Time is a most wonderfully deceptive concept. When you are stuck in a cubicle or are institutionalised in a trap of your own making, time screams for attention and draws you into the idea that its existence defines yours. All our days are almost always divided into neat bits, separated by deadlines, lunch hours, tea breaks, meetings or rush hours on the road. But after we both quit our jobs, time became this expansive, broad abstraction of an idea that no longer reigned over our life. We have no wall clocks nor do we care about what time has to say or what it expects us to be doing. Our biological clocks sing their own tunes and we work when we want to and take it easy when we want to.
The only discernible pattern comes in the form of evenings, when like clockwork, the great outdoors put on its best show at our balcony
just to entice us out of the house. The golden hour
(as the hour before sunset or after sunrise is called) syndrome just starts painting the world in a godly light. I start getting restless and the thought of riding through those tiny roads of the Goan villages
with endless stretches of green on either side outshines any magical trick that could be up the Internet’s sleeve. So, we have made it a practice now. When evening approaches, it’s time to head outside! Time to go on a ride or a drive (depending on the rain gods), grab some chao
(as I have learned to call chai and bajjis ever since I moved to Goa) with friends or just become mighty explorers of ordinary neighbourhoods. Every small street offers a promise of finding some place new, some place beautiful. Every inconspicuous turn demands investigation. Every tiny corner holds a surprise.
It was on one such drive
that we landed up near a creek in Torda. We were supposed to be keeping a doctor’s appointment, but the long line of people at the waiting room coupled with the gorgeous evening colours gave us an excuse to forget everything and just drive. The first sight of the ridiculously lush fields, freshly kissed by the monsoon sun was just something else. I see it every day and everywhere in Goa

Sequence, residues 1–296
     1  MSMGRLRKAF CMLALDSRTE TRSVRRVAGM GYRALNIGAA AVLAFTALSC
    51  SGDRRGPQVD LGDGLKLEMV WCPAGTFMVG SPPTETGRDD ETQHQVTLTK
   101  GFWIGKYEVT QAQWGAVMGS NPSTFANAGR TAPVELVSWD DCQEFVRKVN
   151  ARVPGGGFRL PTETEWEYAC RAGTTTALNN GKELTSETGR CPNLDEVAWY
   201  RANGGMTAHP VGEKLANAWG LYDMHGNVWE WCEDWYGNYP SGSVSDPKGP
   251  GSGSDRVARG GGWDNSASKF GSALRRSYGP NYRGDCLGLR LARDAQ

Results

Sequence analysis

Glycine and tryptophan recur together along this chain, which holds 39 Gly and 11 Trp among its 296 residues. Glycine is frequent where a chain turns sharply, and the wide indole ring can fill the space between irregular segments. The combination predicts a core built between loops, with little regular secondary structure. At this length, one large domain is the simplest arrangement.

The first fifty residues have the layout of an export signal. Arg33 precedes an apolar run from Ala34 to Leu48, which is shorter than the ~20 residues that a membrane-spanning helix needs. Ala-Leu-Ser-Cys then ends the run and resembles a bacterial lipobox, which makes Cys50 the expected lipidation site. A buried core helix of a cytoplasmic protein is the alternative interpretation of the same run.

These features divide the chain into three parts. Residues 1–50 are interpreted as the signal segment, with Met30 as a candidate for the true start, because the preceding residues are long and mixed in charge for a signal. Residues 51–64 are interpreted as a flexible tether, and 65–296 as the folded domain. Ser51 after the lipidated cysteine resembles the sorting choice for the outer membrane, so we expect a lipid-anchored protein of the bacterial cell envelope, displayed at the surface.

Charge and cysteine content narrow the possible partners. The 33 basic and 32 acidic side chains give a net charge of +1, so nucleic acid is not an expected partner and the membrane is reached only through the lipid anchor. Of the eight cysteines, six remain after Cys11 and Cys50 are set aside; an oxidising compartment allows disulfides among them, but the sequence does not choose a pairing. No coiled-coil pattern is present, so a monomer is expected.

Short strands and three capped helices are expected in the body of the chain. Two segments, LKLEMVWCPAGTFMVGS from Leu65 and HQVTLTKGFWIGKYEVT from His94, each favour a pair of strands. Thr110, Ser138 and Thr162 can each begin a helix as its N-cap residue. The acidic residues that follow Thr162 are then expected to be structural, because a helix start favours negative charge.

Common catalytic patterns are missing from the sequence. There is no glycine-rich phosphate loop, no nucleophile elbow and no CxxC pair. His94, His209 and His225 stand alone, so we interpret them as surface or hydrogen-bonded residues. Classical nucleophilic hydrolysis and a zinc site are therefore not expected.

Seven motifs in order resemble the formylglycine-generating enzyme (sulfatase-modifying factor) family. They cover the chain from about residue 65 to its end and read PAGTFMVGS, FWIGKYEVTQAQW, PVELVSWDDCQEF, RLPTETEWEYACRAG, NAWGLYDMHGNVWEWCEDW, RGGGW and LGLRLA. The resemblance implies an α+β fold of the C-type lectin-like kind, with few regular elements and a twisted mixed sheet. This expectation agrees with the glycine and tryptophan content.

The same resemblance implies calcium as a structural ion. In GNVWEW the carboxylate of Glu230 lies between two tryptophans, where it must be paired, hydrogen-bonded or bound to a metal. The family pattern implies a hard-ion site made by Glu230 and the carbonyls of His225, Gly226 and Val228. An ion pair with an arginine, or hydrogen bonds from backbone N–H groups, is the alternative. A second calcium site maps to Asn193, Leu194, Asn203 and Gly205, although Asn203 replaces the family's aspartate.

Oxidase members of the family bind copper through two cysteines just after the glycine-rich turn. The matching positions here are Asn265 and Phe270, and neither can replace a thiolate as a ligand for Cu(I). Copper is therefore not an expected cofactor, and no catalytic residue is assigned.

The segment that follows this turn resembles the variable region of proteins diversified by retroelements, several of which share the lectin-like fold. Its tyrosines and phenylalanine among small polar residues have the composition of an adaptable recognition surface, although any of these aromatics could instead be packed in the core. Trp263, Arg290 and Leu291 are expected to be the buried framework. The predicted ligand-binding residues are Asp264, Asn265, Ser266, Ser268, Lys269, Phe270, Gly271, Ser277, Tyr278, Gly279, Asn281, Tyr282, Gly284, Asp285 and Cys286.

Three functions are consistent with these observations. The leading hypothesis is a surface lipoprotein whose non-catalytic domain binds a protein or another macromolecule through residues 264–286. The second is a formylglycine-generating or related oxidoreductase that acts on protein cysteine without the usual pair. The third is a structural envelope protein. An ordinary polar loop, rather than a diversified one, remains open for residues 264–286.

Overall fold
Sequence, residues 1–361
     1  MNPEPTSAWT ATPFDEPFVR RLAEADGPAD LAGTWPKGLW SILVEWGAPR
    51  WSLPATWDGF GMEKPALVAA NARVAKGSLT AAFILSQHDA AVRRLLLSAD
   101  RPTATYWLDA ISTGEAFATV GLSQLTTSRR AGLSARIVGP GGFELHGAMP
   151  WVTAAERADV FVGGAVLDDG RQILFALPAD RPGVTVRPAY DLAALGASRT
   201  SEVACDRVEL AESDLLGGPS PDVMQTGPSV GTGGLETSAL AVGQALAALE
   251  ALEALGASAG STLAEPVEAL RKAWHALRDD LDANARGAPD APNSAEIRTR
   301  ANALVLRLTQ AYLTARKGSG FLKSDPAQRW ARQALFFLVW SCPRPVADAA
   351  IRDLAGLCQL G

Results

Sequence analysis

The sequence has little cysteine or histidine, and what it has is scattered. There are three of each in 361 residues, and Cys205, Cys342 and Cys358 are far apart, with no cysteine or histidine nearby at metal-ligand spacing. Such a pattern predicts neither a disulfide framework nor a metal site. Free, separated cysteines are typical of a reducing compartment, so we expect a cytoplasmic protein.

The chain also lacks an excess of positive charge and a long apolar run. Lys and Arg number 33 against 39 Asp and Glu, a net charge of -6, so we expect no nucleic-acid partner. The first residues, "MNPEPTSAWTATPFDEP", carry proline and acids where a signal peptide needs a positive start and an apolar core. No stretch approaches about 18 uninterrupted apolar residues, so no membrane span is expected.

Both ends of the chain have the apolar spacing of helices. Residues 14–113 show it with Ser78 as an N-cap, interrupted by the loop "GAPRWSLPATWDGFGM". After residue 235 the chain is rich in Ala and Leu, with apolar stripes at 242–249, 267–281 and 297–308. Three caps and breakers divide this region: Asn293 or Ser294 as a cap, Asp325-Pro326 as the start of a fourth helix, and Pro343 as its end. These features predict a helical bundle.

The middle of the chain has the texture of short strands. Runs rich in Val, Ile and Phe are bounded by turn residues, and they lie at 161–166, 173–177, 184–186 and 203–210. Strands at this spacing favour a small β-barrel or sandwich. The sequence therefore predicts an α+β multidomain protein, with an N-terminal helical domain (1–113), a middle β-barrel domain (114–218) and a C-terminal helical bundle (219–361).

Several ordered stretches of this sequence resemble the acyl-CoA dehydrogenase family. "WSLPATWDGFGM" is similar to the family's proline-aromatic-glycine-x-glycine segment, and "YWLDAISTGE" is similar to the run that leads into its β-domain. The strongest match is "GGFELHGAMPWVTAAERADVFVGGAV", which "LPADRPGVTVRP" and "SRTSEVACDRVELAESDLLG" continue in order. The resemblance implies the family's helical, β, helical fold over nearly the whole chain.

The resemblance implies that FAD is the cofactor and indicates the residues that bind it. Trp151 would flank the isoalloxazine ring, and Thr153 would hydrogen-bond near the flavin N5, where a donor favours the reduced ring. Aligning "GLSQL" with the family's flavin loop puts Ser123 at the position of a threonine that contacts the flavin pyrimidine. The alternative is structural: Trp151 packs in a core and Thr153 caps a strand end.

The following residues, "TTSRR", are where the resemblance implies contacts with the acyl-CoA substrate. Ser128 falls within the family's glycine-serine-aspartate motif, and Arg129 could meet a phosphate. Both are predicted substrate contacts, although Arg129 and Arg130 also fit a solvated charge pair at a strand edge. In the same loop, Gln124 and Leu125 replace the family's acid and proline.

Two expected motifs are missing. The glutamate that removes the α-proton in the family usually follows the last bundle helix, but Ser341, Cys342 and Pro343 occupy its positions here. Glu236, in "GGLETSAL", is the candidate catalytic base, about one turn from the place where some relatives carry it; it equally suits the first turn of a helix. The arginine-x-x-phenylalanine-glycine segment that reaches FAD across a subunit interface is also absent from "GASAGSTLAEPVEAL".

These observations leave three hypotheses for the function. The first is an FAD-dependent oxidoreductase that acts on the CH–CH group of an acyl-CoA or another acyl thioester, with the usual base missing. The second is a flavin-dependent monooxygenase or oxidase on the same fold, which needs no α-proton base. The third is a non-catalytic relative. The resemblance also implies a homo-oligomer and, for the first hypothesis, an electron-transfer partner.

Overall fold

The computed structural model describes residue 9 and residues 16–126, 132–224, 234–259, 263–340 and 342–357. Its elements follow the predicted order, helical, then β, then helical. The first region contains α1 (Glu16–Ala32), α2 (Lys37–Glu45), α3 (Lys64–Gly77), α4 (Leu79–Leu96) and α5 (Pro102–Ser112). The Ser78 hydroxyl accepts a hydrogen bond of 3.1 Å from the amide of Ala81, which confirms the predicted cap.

. Every time we step out of the house. But that doesn’t make it any less novel. It always takes your breath away.
50 shades of green.
Torda is this unassuming little village, serene and quiet, just a few kilometres away from the chaotic Porvorim. We drove along a lake that drank out of the monsoon bounty, surrounded by fields of a velveteen hue that made the landscape looked like it was swathed in a gorgeous green brocade that catches the golden light when it moves. If this had to be a nail colour, I’d call it Goa’s Golden Hour.
Men at work on the rich paddy crops.
Even the most ordinary sights turn magical in an instant in the Golden Hour. Every blade of grass and every leaf gets outlined with a glint of gold. Beautiful birds and butterflies turn into silhouettes. The delicate wings of the dragonflies fluttering around act like little mirrors of light. People get bathed in a soft, diffused lighting that just can’t be recreated artificially. Needless to say, Lovell and his camera had a good time while I watched the evening go by us in a golden haze.
The women chat away as they work hard on the fields.
One of them notices us and flashes the camera a smile.
Watching the evening drama unfold.
We were not the only shutterbugs here. A photographer with some pretty high-end equipment was seen shooting the local birds and babes.
Sowing some seeds.
Locals at work.
The evening walk.
The evening walk.
Dried stems stand out against the lush green blades in the paddy fields at Torda.
Riding along the fields.
The distracted assistant.
The lone boat bobs on.
Locals determining the dinner menu.
Rain clouds come to play.